Today in books and publishing: The real-life history behind Game of Thrones, David Bowie's Ziggy Stardust phase is getting the celebrity biography treatment, and Canada's libraries balk at Random House's e-book price hike.
Just the other day, we were lamenting (offline) the lack of a definitive David Bowie biography. Now comes word that British GQ editor Dylan Jones has reached a deal with publisher Trevor Dolby to write a bio of Bowie's Ziggy Stardust phase. This is good news, though we were kind of hoping for a book that covered his weird Berlin/Brian Eno days, but as they say, celebrity biography beggars can't be choosers. The book, called When Ziggy Played Guitar, will published in the United Kingdom in June. [The Bookseller]
If you're a fan of Game of Thrones -- and who isn't these days, what with the swordplay and copious nudity -- you may be intrigued by Salon's rundown of the best books about the War of the Roses, which provides the historical framework for author George RR Martin's big and bloody novels about kingdomly upheaval and palace intrigue. Admittedly, the texts, including Barbra Tuchman's A Distant Mirror and Alison Weir's The War of the Roses, are long on history and short on dragons, but still: Game of Thrones! [Salon]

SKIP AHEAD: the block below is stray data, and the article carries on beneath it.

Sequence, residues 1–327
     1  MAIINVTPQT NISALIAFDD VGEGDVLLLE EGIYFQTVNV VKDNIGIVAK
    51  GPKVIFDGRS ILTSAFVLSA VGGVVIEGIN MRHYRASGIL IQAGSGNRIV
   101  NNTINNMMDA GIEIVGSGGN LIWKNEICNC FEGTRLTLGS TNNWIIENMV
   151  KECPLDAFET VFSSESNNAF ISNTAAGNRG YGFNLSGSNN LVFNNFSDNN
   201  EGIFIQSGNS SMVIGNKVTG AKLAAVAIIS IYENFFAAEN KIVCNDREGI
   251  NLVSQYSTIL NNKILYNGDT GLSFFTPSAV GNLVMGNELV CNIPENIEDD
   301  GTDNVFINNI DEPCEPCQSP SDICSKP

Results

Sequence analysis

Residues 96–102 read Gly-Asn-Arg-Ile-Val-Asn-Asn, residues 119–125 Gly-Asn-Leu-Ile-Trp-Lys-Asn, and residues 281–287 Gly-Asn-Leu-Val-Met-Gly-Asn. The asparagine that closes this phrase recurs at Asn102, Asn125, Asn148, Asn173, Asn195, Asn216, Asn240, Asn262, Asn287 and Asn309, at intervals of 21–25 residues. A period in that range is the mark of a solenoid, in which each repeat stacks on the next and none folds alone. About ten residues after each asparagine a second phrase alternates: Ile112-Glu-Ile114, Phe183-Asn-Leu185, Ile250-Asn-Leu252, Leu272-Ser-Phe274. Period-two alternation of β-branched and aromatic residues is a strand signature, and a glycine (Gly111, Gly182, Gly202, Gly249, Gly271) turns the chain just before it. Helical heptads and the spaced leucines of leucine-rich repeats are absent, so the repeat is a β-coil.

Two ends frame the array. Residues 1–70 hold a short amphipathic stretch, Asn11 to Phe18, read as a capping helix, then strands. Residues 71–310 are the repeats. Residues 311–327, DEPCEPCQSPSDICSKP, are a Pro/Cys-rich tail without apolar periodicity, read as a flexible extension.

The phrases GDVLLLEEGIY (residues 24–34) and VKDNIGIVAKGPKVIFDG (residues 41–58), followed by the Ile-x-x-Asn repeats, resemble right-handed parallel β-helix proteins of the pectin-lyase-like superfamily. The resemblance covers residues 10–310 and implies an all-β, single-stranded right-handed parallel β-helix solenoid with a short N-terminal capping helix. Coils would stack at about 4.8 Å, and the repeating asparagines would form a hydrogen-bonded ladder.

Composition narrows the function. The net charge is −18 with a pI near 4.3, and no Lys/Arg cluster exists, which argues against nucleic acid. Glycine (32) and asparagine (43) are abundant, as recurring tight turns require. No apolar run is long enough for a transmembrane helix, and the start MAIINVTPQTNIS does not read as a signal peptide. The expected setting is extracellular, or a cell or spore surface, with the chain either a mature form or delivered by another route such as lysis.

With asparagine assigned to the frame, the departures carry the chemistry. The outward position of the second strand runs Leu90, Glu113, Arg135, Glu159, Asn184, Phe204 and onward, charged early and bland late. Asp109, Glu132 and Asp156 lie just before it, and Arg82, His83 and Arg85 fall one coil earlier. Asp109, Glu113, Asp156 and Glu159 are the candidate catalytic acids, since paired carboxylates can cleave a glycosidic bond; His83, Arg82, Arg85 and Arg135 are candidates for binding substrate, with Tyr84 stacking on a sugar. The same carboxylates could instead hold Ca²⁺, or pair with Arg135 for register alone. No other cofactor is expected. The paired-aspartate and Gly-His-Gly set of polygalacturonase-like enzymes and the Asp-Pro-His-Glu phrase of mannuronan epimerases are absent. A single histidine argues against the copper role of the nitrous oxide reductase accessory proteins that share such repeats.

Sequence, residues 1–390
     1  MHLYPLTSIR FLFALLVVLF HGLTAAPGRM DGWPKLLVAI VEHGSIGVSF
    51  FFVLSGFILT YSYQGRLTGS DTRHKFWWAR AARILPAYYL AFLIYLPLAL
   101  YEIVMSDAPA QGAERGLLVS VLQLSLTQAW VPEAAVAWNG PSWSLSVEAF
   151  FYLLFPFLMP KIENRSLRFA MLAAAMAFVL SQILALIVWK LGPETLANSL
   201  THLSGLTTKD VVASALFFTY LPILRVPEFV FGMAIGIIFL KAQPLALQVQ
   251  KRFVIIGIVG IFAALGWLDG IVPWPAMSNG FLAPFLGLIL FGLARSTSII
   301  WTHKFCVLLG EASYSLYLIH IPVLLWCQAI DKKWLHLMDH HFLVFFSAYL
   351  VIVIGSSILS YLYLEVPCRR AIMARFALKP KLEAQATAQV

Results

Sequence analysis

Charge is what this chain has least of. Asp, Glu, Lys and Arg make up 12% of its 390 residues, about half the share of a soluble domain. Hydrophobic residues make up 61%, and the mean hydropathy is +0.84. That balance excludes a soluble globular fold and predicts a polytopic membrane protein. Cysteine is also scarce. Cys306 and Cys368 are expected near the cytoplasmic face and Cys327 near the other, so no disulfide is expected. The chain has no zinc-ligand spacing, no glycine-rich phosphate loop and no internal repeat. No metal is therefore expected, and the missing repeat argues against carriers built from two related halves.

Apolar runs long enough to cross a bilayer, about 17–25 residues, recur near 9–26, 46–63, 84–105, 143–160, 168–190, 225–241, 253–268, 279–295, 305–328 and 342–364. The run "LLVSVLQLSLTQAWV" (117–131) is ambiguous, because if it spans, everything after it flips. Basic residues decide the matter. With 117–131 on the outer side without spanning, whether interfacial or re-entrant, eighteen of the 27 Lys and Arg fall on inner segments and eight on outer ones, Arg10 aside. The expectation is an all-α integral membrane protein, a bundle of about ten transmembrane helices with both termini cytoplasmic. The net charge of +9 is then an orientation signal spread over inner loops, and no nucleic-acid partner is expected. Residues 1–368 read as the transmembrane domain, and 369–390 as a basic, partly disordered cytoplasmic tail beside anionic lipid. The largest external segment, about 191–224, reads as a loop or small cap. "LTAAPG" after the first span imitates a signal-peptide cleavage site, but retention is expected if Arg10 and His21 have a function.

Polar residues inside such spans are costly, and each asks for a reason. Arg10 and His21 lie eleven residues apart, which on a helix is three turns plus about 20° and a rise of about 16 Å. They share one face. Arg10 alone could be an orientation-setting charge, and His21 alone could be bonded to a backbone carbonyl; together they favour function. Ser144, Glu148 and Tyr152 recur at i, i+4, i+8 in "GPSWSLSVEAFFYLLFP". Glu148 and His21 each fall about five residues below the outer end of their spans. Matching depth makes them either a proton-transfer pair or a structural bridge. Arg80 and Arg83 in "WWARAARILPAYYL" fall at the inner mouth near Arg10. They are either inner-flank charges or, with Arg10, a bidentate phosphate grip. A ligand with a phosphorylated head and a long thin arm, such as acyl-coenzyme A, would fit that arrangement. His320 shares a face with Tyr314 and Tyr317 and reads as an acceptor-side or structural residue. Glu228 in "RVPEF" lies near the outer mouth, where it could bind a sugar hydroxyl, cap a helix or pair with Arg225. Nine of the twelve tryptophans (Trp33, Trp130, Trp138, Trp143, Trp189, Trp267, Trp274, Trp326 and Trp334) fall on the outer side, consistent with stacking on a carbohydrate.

Oh, no: Nova Scotia's libraries have stopped buying Random House e-books in the wake of the publisher's price increase earlier this month. In a statement, chief librarian Troy Myers notes that because the libraries have to buy their titles from the publisher directly, a book like Robert K. Massie's Catherine The Great -- which has a list price of $22.69 when purchased via Amazon's Kindle Store -- cost libraries $85 as of March 20. That does seem high, especially since most readers will already know how the story ends. [GalleyCat]
Lauren Scruggs, the Dallas fashion model who gruesomely walked into a plane propeller and lost her eye and arm four months ago, is closing in on a book deal. Potential publishers and terms weren't mentioned, though E!'s Jason Kennedy told Savannah Guthrie that the potential book will be "very upbeat" and "very inspirational," which will be nice. [The Today Show]